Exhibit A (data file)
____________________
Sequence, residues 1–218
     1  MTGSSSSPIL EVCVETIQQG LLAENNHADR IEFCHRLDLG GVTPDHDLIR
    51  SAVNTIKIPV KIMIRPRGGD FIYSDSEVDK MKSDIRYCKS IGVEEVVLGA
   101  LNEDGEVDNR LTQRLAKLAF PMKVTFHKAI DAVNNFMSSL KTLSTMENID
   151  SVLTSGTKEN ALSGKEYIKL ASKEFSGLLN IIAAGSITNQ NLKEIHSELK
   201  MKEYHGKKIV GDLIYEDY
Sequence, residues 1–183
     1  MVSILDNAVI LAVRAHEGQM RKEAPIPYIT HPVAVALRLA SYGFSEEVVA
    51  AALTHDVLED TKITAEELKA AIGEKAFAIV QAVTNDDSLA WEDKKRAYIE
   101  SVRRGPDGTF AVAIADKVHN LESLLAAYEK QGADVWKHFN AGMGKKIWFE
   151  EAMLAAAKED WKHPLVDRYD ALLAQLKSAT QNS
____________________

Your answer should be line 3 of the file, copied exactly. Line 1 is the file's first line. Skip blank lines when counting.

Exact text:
    51  SAVNTIKIPV KIMIRPRGGD FIYSDSEVDK MKSDIRYCKS IGVEEVVLGA